Ideographic writing has long been opposed to the phonetic alphabet as its non-phonetic other. The binary thinking exemplifies a metaphysical turn of the mind that Derrida tried to dismantle, although the exact relationship between the two appeared to elude his grasp for reasons I do not have the space to elaborate here. For a preliminary understanding of the subject, the first thing to do is NOT to associate ideographic inscription too quickly with the Chinese script. 7 Despite the various claims to the contrary, the written Chinese character can no more be equated with ideography, much less pictography, than alphabetical writing can be reduced to phonocentrism. We must remember that ideographic inscription has been a European idea, like that of hieroglyph, which would be foreign to the Chinese scholars who have written voluminously on the subject of the zi (individual character) or the wen (text/writing) over a period of two thousand years.8 The equating of the Chinese script with an ideographic system has been the unfortunate result of misunderstandings and motivated translations by early Christian missionaries and linguists who were poor intermediaries when it comes to reporting on the state of Chinese writing to their home audiences and to unsuspecting philosophers. The situation has not improved much since the time of Leibniz.
But there is no reason why one should dismiss ideographical writing as a false idea. Even if this notion fails to inform us about the Chinese script, it has enjoyed a productive career in the West with a penchant for prolepsis, that is, a dream that some day alphabetical writing would be able to shed its local phonetic trappings to become a universal script. It is this Leibnizian dream of transcendence that has given ideography its aura of alterity in Western thought, so one can continue to fantasize about direct graphic inscriptions of abstract thought the way mathematical symbols or deaf reading and mute writing transcribe conceptual objects, namely, without the mediation of speech or sounds.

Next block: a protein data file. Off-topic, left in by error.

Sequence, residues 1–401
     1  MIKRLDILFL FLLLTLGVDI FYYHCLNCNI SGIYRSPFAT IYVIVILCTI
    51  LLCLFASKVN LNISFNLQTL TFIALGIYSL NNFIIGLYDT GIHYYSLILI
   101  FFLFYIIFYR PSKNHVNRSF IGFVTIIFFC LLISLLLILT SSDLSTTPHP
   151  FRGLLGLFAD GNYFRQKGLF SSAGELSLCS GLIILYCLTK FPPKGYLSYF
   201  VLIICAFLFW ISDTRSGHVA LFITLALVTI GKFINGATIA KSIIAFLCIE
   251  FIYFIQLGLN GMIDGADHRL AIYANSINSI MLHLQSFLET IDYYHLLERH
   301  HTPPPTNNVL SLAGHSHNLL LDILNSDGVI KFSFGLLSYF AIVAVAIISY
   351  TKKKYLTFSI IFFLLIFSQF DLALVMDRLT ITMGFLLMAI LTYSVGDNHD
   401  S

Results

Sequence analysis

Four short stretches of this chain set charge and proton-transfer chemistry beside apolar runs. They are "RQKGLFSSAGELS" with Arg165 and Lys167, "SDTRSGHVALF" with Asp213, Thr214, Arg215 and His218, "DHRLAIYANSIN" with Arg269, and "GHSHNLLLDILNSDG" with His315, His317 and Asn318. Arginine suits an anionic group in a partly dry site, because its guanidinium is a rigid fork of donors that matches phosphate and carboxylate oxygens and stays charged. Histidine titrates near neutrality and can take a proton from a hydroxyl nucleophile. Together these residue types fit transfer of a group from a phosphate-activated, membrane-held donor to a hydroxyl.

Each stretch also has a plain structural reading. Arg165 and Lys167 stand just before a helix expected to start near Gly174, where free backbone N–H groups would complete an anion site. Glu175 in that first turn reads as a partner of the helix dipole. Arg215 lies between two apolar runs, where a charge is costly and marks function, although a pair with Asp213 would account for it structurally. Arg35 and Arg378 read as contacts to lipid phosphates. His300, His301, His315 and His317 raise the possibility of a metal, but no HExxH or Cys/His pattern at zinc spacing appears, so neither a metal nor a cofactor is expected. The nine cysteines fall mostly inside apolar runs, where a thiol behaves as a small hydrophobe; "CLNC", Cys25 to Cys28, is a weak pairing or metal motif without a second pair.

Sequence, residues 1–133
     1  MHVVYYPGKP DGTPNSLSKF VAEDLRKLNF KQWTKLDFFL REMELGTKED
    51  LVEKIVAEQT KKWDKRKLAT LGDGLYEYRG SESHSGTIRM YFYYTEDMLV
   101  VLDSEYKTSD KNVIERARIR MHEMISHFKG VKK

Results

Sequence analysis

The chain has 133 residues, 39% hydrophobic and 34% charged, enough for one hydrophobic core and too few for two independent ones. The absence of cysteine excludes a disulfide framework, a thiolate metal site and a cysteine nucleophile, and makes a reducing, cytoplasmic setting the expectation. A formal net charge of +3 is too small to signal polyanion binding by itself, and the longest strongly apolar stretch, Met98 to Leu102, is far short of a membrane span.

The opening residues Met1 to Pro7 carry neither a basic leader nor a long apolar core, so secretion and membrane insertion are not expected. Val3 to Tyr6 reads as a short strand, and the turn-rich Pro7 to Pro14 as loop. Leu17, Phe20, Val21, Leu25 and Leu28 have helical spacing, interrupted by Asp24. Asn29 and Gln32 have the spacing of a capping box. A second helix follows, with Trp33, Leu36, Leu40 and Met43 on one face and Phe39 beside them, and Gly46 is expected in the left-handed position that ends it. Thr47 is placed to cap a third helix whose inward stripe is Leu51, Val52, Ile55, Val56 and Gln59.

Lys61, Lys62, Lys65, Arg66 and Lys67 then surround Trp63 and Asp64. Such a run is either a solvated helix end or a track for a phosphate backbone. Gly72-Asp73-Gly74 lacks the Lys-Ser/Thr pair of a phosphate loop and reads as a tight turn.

3. Lydia H. Liu, 'iSpace: Printed English after Joyce, Shannon, and Derrida', Critical Inquiry 32 (Spring 2006): 516-550.
4. See Walter Ong, Orality and Literacy (New York: Routledge, 1982), pp. 133-34.
5. 'Text to speech' conversion denotes a branch of artificial intelligence that deals with the computational problem of converting from written text into a linguistic representation. This is one of the areas where the relationship between writing and speech can be fruitfully investigated for both engineering and theoretical purposes. See Richard Sproat, A Computational Theory of Writing Systems (Cambridge: Cambridge University Press, 2000).
6. Friedrich A. Kittler, Gramophone, Film, Typewriter, trans. Geoffrey Winthrop-Young & Michael Wutz (Stanford: Stanford University Press, 1999), p.16.
7. A report not very long ago in New York Times suggests that the world outside China is still very much in the dark about Chinese writing. See Emily Eakin, 'Writing as a Block for Asians', New York Times, May 3, 2003.
8. For a discussion of the strained translation of the zi by the concept of the 'word' and the troubled beginnings of modern Chinese grammar, see 'The Sovereign Subject of Grammar' in my book The Clash of Empires: The Invention of China in Modern World Making (Cambridge, Mass.: Harvard University Press, 2004).